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A contactless bus designed for the pandemic age

‘We got our inspiration from the dandelion flower’

A new public transportation design concept aims to give passengers the confidence to take a bus ride by minimizing contact, using anti-microbial fabric and installing self-sanitizing handles.

The “Futurebus,” designed by an international team that includes Northwestern University student Ryan Teo, alters the way passengers hop on and off the bus by combining all ingresses and egresses into a single large sliding door. This allows riders to flow in and out freely without contact.

The design won the top prize in the FourC Challenge, an international design competition sponsored by the Shanghai Jiao Tong University School of Design. The competition was held entirely online, allowing the continuity of global experiences for students in an age where COVID-19 has placed heavy restrictions on travel and interaction.

“We got our inspiration from the dandelion flower,” said Ryan Teo, who studies product design, engineering and anthropology as part of the McCormick Integrated Engineering Studies program. “The dandelion opens its petals widely, allowing its seeds to be dispersed freely. We wanted to give passengers that same freedom of movement to minimize contact.”

The team also alternated seating direction to provide more privacy and made use of affordable, copper-infused fabric known to reduce pathogens.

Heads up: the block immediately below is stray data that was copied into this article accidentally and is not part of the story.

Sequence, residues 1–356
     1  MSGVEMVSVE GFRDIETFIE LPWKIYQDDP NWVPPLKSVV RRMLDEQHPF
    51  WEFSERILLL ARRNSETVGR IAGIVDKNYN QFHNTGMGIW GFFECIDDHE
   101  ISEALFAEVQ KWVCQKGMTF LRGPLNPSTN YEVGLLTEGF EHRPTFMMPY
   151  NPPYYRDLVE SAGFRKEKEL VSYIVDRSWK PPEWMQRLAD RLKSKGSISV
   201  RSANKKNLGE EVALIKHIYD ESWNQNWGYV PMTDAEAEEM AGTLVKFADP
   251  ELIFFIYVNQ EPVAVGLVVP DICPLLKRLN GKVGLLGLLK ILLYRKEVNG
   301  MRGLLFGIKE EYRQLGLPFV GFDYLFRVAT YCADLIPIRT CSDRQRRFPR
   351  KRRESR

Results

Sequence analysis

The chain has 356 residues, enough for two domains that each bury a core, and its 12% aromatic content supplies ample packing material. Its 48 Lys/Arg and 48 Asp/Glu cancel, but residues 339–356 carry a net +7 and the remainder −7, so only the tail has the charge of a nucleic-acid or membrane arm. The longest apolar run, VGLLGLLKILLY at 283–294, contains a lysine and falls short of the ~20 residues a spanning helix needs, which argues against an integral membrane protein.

Handles presented another design opportunity for the team. The new handles have a stainless-steel tube covered by a disposable plastic wrap. Each time the bus stops, the handle will make a slow 360-degree rotation, allowing the entire surface of the tube to be sterilized by a 254 nanometer UV light strip on the back of the handle.

The prize-winning team also included students from Shanghai Jiao Tong University School of Design, Hong Kong Polytechnic University and Harvard University Graduate School of Design.

Forty teams of contestants from 52 colleges and universities around the world completed six innovative challenges in 24 hours, including in areas of team building, problem solving and prototype production.

Global engagement in a time of crisis

“A lot of us recognize Chicago as a global center of architectural innovation but we may have never reached that without the collaboration that took place in response to the Great Chicago Fire,” said John Hartman, clinical assistant professor in the Segal Design Institute and also a judge in the competition.

He gave a keynote speech emphasizing that challenging events, such as the pandemic, could help create previously unimagined innovations.

“Collaboration during these times can speed up the decision-making process and force us to use methods and approaches directly affecting the problem, often flattening the approval chain of command,” he added.

Hartman also emphasized the need for global engagement.

“We need to keep promoting the value of global engagement for our students and encourage them to seek out diverse perspectives as they help solve the challenging problems facing our planet,” he said.